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Helpful Hints for Calling from Abroad

When calling Congress, make sure you:

1) Are respectful, regardless of how angry you may be about an issue or recent congressional action;

2) Call all three of your specific representative and senators; do not call other members of Congress as calling them only ties up their phone lines and prevents them from hearing from their actual constituents (the exception is if a member of Congress or a congressional committee specifically ask for “the American public’s opinion”);

3) Immediately identify yourself as the congressperson’s constituent and be prepared to give your U.S.-based address. Use the U.S. address which you use as your voting address*. You do NOT have to currently live there;

4) Stick to a single issue;

5) Know any specifics beforehand in case their office asks you for further guidance (i.e. a bill number you’re referencing);

6) Calmly and rationally state your case when voicing your opinion;

7) Respectfully have a specific ask in mind of the legislator;

8) Ask the staffer where the legislator stands on your concern/issue – do not hang up the phone until you ask this important question.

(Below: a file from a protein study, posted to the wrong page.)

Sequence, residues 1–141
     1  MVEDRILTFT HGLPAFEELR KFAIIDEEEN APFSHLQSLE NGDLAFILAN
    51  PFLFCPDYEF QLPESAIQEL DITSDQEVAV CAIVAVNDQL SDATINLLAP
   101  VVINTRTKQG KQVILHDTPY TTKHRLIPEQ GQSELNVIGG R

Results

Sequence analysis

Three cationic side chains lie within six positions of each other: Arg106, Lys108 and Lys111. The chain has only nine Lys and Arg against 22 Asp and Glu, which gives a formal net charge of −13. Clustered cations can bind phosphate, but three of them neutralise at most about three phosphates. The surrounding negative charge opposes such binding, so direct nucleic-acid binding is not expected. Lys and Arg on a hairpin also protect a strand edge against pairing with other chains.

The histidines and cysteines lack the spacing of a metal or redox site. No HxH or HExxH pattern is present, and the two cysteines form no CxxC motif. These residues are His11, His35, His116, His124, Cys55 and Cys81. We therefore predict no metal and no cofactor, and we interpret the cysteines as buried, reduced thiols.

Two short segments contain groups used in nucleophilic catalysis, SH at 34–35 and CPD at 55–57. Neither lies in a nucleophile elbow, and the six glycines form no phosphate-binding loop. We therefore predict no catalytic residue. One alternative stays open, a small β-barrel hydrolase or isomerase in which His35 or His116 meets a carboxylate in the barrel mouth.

Most staff will not know the legislator’s position on expat issues; this is normal. If you are comfortable in doing so, leave your phone number and request to receive a returned phone call with the congressperson’s response once he/she has taken a stance on your issue. If you know beforehand that your legislator has taken the opposite position of DA’s stance, be sure to inform the congressional office that your Election Day ballot will depend on the congressperson’s vote or position on your issue;

9) Thank the staffer for listening to your comment, and request that your message is passed along to the representative or senator.

10) Relay the congressional office’s response back to DA (if the issue is expat-related), and be sure to also share on social media if the lawmaker has taken the opposite stance of DA’s official position.

If the purpose of the phone call is simply to bombard Congress with constituent calls in voicing an opinion on a bill/issue, it is okay to call your elected official’s D.C. office, identify yourself as a constituent, state your opinion, state your specific request, and repeat this process with all of the legislator’s in-district/state offices.

 

* If you have never voted from abroad, you are eligible to vote from the address where you last resided in the U.S. If you are a U.S. citizen born abroad, you may vote from the address where your U.S. parent(s) last resided. Any questions, please let us know at gotv@democratsabroad.org